Contact the Pension Tracing Service
Phone: 0800 731 0193
Obtain a State Pension forecast. It is easy to obtain an estimate of how much you will receive by getting a State Pension forecast from the government website (www.gov.uk/check-state-pension). Alternatively, you can call the Future Pensions Centre on 0800 731 0175, or download a BR19 application form. Getting a State Pension forecast helps you understand how much you will receive and when.
Think about consolidating your pension pots. If you have more than one pension, consolidating them could offer multiple benefits and help you manage your retirement savings more easily. However this option is not right for everyone. Speak with your Origen financial adviser who can help you decide whether this is best for you.
Do you need to make additional pension contributions? Your financial adviser can also review whether you need to – and can afford to – boost your retirement savings. Some employers match additional contributions in workplace pensions, increasing your contributions at a lower cost to you. If you are planning to make larger contributions, be aware of the annual allowance – the maximum amount you can contribute to a pension and still benefit from tax relief.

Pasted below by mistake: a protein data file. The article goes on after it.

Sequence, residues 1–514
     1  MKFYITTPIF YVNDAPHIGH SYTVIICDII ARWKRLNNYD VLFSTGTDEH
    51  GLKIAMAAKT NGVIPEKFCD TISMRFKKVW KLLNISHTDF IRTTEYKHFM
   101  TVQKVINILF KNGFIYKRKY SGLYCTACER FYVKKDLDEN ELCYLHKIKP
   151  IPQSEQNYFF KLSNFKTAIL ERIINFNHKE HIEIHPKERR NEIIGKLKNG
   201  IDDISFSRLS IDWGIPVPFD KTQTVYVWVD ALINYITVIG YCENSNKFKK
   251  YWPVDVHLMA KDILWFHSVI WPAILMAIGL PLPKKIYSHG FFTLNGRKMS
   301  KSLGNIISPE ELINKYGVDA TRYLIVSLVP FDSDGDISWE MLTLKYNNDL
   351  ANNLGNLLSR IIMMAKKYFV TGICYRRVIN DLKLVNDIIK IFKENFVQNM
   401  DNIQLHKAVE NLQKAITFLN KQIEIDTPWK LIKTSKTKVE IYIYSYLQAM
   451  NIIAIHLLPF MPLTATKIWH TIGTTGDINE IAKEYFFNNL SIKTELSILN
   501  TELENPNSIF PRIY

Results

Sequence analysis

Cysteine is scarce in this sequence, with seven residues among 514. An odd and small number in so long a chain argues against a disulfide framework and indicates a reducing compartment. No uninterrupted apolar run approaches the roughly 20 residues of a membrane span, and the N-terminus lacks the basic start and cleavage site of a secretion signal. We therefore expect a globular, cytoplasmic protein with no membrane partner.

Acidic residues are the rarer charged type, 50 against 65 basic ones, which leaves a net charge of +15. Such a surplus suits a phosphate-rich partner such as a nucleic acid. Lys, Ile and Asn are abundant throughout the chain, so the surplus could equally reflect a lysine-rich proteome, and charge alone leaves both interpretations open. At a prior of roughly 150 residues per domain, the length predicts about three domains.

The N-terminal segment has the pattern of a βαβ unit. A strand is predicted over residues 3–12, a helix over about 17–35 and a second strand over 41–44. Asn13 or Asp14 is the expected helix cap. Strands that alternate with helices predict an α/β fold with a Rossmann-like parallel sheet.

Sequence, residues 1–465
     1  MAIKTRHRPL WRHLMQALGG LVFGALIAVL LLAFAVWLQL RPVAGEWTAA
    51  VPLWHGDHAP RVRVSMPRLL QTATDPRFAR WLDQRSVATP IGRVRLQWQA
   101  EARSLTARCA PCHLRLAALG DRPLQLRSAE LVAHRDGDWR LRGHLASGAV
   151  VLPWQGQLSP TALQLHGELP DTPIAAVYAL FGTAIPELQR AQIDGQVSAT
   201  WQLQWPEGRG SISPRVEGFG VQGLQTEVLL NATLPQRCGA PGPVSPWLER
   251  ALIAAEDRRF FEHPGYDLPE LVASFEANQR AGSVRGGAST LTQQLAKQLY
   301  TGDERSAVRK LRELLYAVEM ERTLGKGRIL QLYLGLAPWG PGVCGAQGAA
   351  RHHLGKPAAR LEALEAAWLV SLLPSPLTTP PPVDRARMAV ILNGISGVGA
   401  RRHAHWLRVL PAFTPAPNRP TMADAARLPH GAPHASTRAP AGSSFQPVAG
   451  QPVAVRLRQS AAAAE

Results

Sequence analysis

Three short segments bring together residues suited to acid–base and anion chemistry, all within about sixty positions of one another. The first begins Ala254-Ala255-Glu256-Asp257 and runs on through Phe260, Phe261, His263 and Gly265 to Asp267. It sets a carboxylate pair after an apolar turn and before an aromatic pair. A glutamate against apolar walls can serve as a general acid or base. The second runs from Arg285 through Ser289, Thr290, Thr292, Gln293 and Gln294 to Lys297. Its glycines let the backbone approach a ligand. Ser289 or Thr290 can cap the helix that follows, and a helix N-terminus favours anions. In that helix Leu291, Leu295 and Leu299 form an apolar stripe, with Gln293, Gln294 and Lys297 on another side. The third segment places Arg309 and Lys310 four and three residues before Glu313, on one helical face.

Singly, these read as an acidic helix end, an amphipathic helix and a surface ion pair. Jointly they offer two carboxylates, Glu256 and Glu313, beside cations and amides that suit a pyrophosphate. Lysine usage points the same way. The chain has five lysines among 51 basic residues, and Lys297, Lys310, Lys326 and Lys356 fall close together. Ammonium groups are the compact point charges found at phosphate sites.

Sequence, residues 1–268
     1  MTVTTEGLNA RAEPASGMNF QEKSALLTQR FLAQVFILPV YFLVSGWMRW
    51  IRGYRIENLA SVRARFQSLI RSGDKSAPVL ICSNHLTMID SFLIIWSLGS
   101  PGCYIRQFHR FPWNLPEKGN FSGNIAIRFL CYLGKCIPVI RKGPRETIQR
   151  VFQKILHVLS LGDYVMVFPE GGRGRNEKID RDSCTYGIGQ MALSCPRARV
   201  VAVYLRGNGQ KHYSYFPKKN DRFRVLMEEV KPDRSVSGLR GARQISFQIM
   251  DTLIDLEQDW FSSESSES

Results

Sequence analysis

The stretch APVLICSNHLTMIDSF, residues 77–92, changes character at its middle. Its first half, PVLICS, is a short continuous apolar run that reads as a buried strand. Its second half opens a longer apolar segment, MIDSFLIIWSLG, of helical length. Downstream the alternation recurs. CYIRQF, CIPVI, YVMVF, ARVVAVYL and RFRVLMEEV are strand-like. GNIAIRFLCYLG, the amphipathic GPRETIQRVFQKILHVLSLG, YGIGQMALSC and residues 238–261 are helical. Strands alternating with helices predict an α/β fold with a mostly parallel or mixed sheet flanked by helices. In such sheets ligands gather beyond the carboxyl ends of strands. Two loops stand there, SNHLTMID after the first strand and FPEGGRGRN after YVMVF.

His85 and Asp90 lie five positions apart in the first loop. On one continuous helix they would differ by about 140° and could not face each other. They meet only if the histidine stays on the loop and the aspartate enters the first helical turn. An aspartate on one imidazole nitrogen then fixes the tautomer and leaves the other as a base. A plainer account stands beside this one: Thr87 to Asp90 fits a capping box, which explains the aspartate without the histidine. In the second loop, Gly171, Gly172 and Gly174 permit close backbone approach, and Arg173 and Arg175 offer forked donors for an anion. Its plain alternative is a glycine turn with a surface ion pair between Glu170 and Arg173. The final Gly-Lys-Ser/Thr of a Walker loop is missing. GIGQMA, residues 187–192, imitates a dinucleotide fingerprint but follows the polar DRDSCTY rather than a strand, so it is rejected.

Review any other investments. If you are able to make increased contributions you should consider whether it’s best to make these to your ISA or your pension. There’s no right answer as pensions and ISAs both offer advantages. Crucially, they differ in terms of how and when you can access them, how they’re taxed, and how they affect your estate when you die.
With less than five years to go, your retirement plans will probably be much more front of mind. Aside from checking you’re contributing enough to achieve your desired retirement income, it’s worth getting a deeper understanding of your investments.